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Conditional Cash Transfers, Adult Work Incentives, and Poverty

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  • Emmanuel Skoufias
  • Vincenzo Di Maro

Abstract

Conditional cash transfer (CCT) programmes aim to alleviate poverty through monetary and in-kind benefits, as well as reduce future incidence of poverty by encouraging investments in education, health and nutrition. The success of CCT programmes at reducing poverty depends on whether, and the extent to which, cash transfers affect adult work incentives. In this paper we examine whether the PROGRESA programme of Mexico affects adult participation in the labour market and overall adult leisure time, and we link these effects to the impact of the programme on poverty. Utilising the experimental design of PROGRESA's evaluation sample, we find that the programme does not have any significant effect on adult labour force participation and leisure time. Our findings on adult work incentives are reinforced further by the result that PROGRESA leads to a substantial reduction in poverty. The poverty reduction effects are stronger for the poverty gap and severity of poverty measures.

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Bibliographic Info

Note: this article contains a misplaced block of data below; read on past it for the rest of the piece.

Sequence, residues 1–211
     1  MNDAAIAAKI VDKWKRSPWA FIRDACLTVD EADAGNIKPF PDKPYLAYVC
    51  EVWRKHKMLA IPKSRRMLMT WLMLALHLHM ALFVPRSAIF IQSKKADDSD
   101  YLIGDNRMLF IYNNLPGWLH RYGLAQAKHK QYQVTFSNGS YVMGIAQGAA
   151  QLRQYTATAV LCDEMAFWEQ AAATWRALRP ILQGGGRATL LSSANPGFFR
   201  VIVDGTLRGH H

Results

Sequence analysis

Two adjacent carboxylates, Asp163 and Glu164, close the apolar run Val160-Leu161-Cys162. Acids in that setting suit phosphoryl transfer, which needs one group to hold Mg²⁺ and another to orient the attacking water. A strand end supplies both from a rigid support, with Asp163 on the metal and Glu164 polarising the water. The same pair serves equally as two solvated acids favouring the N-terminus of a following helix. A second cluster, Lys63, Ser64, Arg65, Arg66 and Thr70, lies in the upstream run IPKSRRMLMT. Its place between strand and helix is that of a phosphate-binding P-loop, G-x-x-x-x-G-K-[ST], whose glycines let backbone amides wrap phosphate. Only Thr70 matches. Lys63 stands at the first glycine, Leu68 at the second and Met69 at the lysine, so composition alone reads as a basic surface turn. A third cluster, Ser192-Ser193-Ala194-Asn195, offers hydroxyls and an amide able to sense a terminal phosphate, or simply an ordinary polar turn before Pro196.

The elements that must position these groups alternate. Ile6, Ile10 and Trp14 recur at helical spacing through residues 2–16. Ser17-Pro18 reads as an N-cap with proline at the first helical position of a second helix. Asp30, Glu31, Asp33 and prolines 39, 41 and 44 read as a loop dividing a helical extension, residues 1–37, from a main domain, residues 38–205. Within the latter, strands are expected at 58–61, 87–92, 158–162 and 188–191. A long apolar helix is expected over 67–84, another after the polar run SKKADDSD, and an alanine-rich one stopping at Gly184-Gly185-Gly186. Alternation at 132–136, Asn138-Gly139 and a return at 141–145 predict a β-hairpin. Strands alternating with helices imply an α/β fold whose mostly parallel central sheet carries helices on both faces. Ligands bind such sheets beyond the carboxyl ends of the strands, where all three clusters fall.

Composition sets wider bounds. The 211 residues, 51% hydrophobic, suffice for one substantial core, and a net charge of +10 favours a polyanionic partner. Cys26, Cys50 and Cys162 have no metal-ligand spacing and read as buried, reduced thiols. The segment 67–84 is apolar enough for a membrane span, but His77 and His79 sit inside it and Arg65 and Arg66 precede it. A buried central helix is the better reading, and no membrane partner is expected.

Article provided by Taylor & Francis Journals in its journal Journal of Development Studies.

Volume (Year): 44 (2008)
Issue (Month): 7 ()
Pages: 935-960

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Handle: RePEc:taf:jdevst:v:44:y:2008:i:7:p:935-960

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  1. Sahn, David E & Alderman, Harold, 1996. "The Effect of Food Subsidies on Labor Supply in Sri Lanka," Economic Development and Cultural Change, University of Chicago Press, vol. 45(1), pages 125-45, October.
  2. Moffitt, Robert, 1992. "Incentive Effects of the U.S. Welfare System: A Review," Journal of Economic Literature, American Economic Association, vol. 30(1), pages 1-61, March.
  3. Hoddinott, John & Skoufias, Emmanuel, 2004. "The Impact of PROGRESA on Food Consumption," Economic Development and Cultural Change, University of Chicago Press, vol. 53(1), pages 37-61, October.
  4. Skoufias, Emmanuel, 2005. "PROGRESA and its impacts on the welfare of rural households in Mexico:," Research reports 139, International Food Policy Research Institute (IFPRI).
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